Worm Breeder's Gazette 13(5): 68 (February 1, 1995)

These abstracts should not be cited in bibliographies. Material contained herein should be treated as personal communication and should be cited as such only with the consent of the author.

A Nob Allele at the unc-62 Locus

Daniel C. Weaver, Lois Edgar, and William B. Wood

University of Colorado - Boulder, Campus Box 347, Boulder, CO 80309

        The ct344 mutation, isolated by Lois Edgar, results in  nonviable
embryos, some of which hatch and die as L1's with disorganized posteriors. 
In this way ct344 resembles other nob mutations being  characterized in
this laboratory (1) and as a result, it was previously referred to as
nob-5(ct344).  It is unique, however, in that it displays a partial
maternal effect.  Heterozygous hermaphrodites  give rise to phenotypically
wild-type homozygous mutant progeny, which produce 100% Nob animals and
dead eggs, unless mated with a wild-type male.  This mutation was mapped
to LGV(L) near unc-62.  Complementation tests showed that it fails to
complement either the  Unc phenotype resulting from unc-62(e644) or the
non-maternal effect  embryonic lethal phenotype resulting from
unc-62(s472).  Examination  of e644 homozygous mutant animals reveals that
about 19% of their progeny display the Nob phenotype, though neither this
nor the Unc  phenotype show the maternal effect described for ct344.
        Results of dosage experiments shown in the table below suggest
that  s472 is a nearly complete loss-of-function mutation, and that ct344
is completely recessive.  In addition, e644/s472 trans-heterozygotes
display a maternal effect that is not seen in the homozygous e644  mutant
animals.  Further dosage experiments and phenotypic
characterization of the embryonic lethal phenotypes resulting from  ct344
and s472 are in progress.

                    F1 homozygotes                    F2 homozygotes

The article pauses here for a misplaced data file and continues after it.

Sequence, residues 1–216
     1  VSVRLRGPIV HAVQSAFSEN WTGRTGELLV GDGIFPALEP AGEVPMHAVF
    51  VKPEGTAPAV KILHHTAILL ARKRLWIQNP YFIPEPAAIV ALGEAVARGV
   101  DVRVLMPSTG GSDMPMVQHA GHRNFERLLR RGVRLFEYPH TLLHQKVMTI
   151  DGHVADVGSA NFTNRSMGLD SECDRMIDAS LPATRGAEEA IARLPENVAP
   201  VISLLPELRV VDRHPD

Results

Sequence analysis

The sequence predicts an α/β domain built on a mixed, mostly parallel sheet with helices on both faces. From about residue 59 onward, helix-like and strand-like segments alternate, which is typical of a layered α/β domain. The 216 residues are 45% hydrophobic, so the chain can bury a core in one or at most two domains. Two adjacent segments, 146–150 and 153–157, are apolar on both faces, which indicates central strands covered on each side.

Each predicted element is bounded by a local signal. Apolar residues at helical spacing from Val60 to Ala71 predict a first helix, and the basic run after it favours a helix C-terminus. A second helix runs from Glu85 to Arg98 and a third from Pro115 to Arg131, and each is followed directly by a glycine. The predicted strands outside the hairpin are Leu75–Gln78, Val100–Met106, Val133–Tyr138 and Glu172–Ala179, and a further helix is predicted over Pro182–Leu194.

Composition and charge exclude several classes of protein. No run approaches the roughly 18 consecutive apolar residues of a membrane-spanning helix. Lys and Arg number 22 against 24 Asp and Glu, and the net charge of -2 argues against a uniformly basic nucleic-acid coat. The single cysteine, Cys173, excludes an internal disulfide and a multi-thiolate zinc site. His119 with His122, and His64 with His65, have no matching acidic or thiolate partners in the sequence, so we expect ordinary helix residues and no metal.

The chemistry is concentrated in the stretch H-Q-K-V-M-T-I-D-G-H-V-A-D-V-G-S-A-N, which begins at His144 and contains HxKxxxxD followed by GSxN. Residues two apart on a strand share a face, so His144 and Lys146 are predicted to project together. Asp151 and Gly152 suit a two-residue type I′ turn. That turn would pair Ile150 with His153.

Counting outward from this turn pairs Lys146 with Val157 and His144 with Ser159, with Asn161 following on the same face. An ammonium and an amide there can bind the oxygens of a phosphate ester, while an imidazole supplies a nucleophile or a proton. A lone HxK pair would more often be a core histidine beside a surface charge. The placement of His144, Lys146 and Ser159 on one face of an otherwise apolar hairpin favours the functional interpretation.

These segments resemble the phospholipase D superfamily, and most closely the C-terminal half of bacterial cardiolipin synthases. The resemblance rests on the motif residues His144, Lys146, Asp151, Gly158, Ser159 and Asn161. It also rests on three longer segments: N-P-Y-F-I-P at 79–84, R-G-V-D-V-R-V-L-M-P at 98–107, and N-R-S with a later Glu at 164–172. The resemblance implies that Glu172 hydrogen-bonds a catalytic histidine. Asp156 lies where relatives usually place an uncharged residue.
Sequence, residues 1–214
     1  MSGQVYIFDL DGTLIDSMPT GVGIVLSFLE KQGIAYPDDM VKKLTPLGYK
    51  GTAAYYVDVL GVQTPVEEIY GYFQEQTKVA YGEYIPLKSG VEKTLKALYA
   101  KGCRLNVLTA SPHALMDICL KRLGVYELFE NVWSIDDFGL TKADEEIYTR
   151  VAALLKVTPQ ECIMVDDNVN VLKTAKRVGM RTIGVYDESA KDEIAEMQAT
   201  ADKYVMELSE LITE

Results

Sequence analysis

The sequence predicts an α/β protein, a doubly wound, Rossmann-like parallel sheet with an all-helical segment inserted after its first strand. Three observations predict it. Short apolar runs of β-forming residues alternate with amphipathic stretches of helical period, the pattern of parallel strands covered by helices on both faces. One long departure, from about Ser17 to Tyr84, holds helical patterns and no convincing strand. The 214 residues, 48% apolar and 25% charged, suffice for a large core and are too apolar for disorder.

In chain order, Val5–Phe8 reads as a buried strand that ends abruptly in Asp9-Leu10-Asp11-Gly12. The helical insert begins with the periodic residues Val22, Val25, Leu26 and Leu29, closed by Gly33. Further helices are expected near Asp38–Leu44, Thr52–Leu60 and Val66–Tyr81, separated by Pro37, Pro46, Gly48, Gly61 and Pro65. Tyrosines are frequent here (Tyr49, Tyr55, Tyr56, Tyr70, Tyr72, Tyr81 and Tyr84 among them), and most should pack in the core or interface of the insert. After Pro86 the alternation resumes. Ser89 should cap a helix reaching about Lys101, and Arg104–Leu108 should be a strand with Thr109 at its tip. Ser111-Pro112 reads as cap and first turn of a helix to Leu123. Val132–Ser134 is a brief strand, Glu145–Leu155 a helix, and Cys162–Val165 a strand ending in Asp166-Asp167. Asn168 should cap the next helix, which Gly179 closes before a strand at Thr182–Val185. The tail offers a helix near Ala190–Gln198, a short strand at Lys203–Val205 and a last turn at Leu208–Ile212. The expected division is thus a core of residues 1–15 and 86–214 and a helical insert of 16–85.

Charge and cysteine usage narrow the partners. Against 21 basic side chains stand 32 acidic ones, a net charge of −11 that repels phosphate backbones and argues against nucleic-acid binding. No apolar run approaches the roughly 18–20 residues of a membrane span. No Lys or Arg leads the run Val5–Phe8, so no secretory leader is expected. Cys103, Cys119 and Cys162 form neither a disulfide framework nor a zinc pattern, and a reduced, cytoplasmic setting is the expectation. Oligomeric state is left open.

or trans-heterozygotes            or trans-heterozygotes
Genotype    %Nob   %dead eggs    %viable     %Nob   %dead eggs   %viable 
---------  -----   ----------    -------     ----   ----------   ------- 
e644/e644    19         5           76         19        5         76
ct344/ct344  12        nd           87         42       57         <1
e644/sDf26    8        51           40         No F1 animals survive     
                                                  to produce progeny
ct344/sDf26   9        56           33         No F1 animals survive     
                                                 to produce progeny
e644/s472    25        30           45          6       82         11
ct344/s472   23        30           47         No F1 animals survive     
                                                 to produce progeny
ct344/ct344/yDp1 <2    <2           >95 *

* These percentages are estimates.  Good brood counts have not yet been

        We used the e644 mutation to identify the region of the physical
map  that includes unc-62.  Using polymorphisms between the Bristol and
Bergerac  strains as reference points, we mapped this mutation to the
region between  stP3 and another polymorphism associated with the cosmid
RW#L63.  Two  deficiency break points fall in this region: the right end
of sDf50 and the right end of sDf27.  PCR mapping experiments of these
deficiencies performed by A. Scouras and M.F. Wakarchuk in David Baillie's
laboratory further limit the candidate physical region. These compiled
results leave two candidate cosmids and the surrounding cosmid gaps.  The
candidate cosmids are being injected into the ct344  and s472 mutant

(1) Edgar, L.G., N. Wolfe, S.H. Carr, and W.B. Wood. "The Nog genes and
pal-1 are involved in embryonic posterior morphogenesis." 1993 Worm
Meeting Abstracts: p.10.